Call for parents, teachers to encourage children to ‘play better’

Educational psychologist Sinovuyo Arosi. | SUPPLIED

Educational psychologist Sinovuyo Arosi. | SUPPLIED

Published Mar 2, 2024


Durban — Educational psychologist Sinovuyo Arosi urged teachers and parents to encourage positive play at school and in homes because it had a big impact on children’s development into healthy adults.

The Play Better Campaign seeks to support the development of children by enabling child-directed positive play. With a focus on promoting psychological well-being and development, the Sasko Siyasizana Initiative aims to address all aspects of children’s growth.

Arosi said research had shown that children who play were healthier and better prepared for adult life. Positive play enhanced cognitive, social, physical, and emotional development, as well as the aesthetic appreciation of the world and its cultures.

“By promoting these benefits, the Play Better Campaign ensures that children become resilient and healthy adults. Language and problem-solving skills developed during play are crucial for subjects like reading, writing and maths. That’s why it’s imperative to support and encourage positive play in children, and the Play Better Campaign is doing that,” she said.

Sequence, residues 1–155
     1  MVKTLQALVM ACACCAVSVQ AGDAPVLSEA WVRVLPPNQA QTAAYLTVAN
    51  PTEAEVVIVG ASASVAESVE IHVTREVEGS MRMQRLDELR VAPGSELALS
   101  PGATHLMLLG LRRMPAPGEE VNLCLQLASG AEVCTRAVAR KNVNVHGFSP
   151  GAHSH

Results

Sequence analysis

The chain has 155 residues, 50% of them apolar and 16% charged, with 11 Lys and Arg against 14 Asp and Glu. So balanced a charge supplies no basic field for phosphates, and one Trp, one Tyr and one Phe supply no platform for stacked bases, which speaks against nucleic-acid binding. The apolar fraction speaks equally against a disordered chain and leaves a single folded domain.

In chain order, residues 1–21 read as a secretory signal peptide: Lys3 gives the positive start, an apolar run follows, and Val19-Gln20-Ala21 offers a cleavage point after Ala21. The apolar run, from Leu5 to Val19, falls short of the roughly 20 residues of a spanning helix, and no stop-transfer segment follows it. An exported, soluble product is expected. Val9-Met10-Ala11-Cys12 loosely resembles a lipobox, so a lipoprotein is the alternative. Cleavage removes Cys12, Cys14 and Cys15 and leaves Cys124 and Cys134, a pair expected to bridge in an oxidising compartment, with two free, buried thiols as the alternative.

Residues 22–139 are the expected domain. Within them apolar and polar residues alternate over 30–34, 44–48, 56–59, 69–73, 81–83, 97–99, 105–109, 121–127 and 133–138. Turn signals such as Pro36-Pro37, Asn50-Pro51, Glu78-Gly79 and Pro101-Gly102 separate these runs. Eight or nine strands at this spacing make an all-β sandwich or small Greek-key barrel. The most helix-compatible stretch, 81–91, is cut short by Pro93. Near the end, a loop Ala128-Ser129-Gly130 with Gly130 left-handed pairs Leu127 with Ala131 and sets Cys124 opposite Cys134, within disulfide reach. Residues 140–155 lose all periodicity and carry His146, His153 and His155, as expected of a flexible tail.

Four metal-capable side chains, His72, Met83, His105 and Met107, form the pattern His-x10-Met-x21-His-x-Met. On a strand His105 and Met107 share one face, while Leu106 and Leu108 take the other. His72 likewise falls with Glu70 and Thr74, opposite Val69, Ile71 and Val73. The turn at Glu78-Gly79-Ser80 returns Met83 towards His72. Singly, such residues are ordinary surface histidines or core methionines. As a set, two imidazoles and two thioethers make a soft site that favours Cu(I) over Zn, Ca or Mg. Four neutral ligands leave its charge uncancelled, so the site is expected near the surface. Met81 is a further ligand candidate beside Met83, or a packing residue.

Parents and teachers could encourage kids to play at home and school through open dialogue. She said “better” meant safe, free, child-led and creative play and had nothing to do with buying certain toys or going to a certain place to play.

“Playing is like a language that comes intuitively to children. I hope parents and teachers will begin to see positive play as an important part of their parenting and teaching.

“I want to encourage parents to dedicate a time during the week to play with their children and allow themselves to be immersed in their child’s imagination through child-directed play.

“I also urge teachers to participate in children’s play with curiosity and see how this can enhance the relationship they have with their pupils,” she said.

Arosi said mental health could be thought of as a buffer or a lens from which children viewed and interacted with the world and those around them.

Independent on Saturday